Dr Karl Kruszelnicki
I talked about what would happen if the Earth stopped spinning. Luckily for us, that's not going to happen. What we do know is that the rotation of the Earth is gradually slowing down. So as a result, and because our atomic clocks are so accurate, the timekeepers have to add in an extra second every year and a half.
In the past, this extra second has made parts of the internet crash, and will almost certainly do that again in the future.
Way back in the time of the dinosaurs, the Earth spun a bit faster on its axis—so a day was about 23 hours long.
Some 4,000 years ago, the Egyptians counted time by simply dividing the daylight into 12 hours. Of course, Cairo was about 30 degrees from the Equator, so the amount of sunshine varied from the shortest day to the longest day by almost four hours. But back then, it was close enough.
By the 14th century, the public pendulum clocks in European city squares were accurate enough to display the hours, but not yet accurate enough to show the minutes.
By 1927 we had quartz clocks, which in our time are accurate to about half-a-second per day. In 1948 we had the first atomic clock, and by 1960, the even more accurate hydrogen maser clock.
Today, a hydrogen maser clock is accurate to about one ten-thousandth of a millionth of a millionth of a second each year. This kind of accuracy is more precise than the spin of the Earth itself.
The spin of the Earth speeds up or slows down by a tiny amount each day. This day-to-day variation is typically caused by weather systems on either side of the Andes mountain range.
The Andes are like a huge sail extending all the way from the Equator halfway to the South Pole. So a high or low pressure system on one side of the Andes can, in the short term, speed up or slow down the spin of the Earth.
Earthquakes also can cause short-term changes—for example, the Fukushima earthquake (and tsunami) shortened the length of the day by 1.6 millionths of a second.
But in the long-term, the spin of the Earth is slowing down. That's mostly because of the tides running into the land masses, and their friction on the ocean floor. But there are other factors, such as the movement of the Earth's crust relative to its core.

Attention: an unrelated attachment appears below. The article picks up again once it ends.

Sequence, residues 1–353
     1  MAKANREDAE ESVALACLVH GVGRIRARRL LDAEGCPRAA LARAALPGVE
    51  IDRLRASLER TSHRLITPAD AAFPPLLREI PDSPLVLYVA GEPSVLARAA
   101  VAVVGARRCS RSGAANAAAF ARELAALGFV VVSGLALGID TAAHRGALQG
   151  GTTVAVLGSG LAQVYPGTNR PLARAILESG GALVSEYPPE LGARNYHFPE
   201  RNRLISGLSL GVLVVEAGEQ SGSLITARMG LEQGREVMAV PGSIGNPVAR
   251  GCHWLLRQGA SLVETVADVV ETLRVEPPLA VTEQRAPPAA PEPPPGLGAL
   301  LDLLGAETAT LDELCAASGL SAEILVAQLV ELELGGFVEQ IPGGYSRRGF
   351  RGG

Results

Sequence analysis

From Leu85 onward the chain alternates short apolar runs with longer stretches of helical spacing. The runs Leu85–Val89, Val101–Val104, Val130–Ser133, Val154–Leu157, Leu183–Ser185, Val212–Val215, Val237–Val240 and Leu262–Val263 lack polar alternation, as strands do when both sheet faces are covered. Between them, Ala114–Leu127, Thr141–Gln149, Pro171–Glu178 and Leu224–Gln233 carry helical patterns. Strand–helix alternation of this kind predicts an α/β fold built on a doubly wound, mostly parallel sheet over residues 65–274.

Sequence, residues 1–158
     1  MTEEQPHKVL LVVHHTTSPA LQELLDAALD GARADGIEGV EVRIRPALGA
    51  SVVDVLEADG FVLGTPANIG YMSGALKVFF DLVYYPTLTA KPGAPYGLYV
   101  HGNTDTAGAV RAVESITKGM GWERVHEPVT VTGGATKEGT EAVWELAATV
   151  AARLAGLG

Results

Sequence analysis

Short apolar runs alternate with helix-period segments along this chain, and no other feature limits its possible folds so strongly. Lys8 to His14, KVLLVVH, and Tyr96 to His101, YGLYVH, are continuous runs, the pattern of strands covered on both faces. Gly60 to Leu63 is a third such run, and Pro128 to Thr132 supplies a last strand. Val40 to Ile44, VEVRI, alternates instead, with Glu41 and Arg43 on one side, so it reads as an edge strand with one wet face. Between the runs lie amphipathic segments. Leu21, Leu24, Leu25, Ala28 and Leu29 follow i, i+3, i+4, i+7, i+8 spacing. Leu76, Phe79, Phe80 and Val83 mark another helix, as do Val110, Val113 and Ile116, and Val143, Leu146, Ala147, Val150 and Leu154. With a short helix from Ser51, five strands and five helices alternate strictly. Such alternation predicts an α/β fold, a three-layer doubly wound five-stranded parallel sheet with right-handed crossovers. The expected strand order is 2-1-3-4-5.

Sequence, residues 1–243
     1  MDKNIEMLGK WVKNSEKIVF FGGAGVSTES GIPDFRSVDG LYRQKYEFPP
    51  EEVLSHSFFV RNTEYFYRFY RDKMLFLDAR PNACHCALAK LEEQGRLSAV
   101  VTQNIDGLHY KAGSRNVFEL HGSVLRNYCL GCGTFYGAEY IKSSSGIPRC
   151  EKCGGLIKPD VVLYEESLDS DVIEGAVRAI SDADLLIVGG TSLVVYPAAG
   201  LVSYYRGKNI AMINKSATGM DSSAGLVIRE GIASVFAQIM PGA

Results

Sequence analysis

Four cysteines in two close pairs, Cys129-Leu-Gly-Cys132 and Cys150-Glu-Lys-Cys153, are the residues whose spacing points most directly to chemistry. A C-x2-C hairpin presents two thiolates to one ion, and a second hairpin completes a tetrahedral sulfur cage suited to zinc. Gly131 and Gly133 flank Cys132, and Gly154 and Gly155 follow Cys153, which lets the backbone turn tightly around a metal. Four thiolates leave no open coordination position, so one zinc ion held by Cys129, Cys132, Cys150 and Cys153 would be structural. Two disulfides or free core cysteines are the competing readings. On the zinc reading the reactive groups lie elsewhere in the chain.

Way back in the time of the dinosaurs, the Earth spun a bit faster on its axis, so a day was about 23 hours long.
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Taking all these factors into account, after a century has passed, on average, the day is about 1.4-1.7 thousandths of a second longer. Multiply this tiny amount by the number of days in a year-and-a-half, and you're close to a second. That's why, counting the 44 years from 1972 to 2016, the timekeepers have added in 27 leap seconds.
As always, there's swings and roundabouts (or advantages and disadvantages).
The astronomers are happy with adding leap seconds and adjusting the atomic clocks, because at Greenwich in the UK, when the atomic clock reads 12 midday, the Sun will be at its highest point.
But other people are unhappy: people such as the bankers, the military and everybody else who depends on having only 86,400 seconds in each day.
So on December 31, 2016, just before midnight, the atomic clock had an extra second added. At 11:59pm, the display showed 58 seconds, then 59 seconds, and then—instead of ticking over to 0 seconds on the first of January, the next day—it went to 60 seconds. That extra second was the leap second.
Nothing much happened in 2016, because people were ready for it. But not so long ago, in 2012, inadequate preparation for the leap second caused crashes on the websites Reddit, Foursquare and LinkedIn—and also in Amadeus, the international airline reservation system.
So in Australia, far from where the leap second was added into the master atomic clock, passengers flying Qantas couldn't get onto their planes.
In a typical second, 4.3 people are born, 1.8 people die, and 2.5 million emails are sent. So the next time a leap second gets added, try to use that extra second wisely—and don't blink, or you might miss it.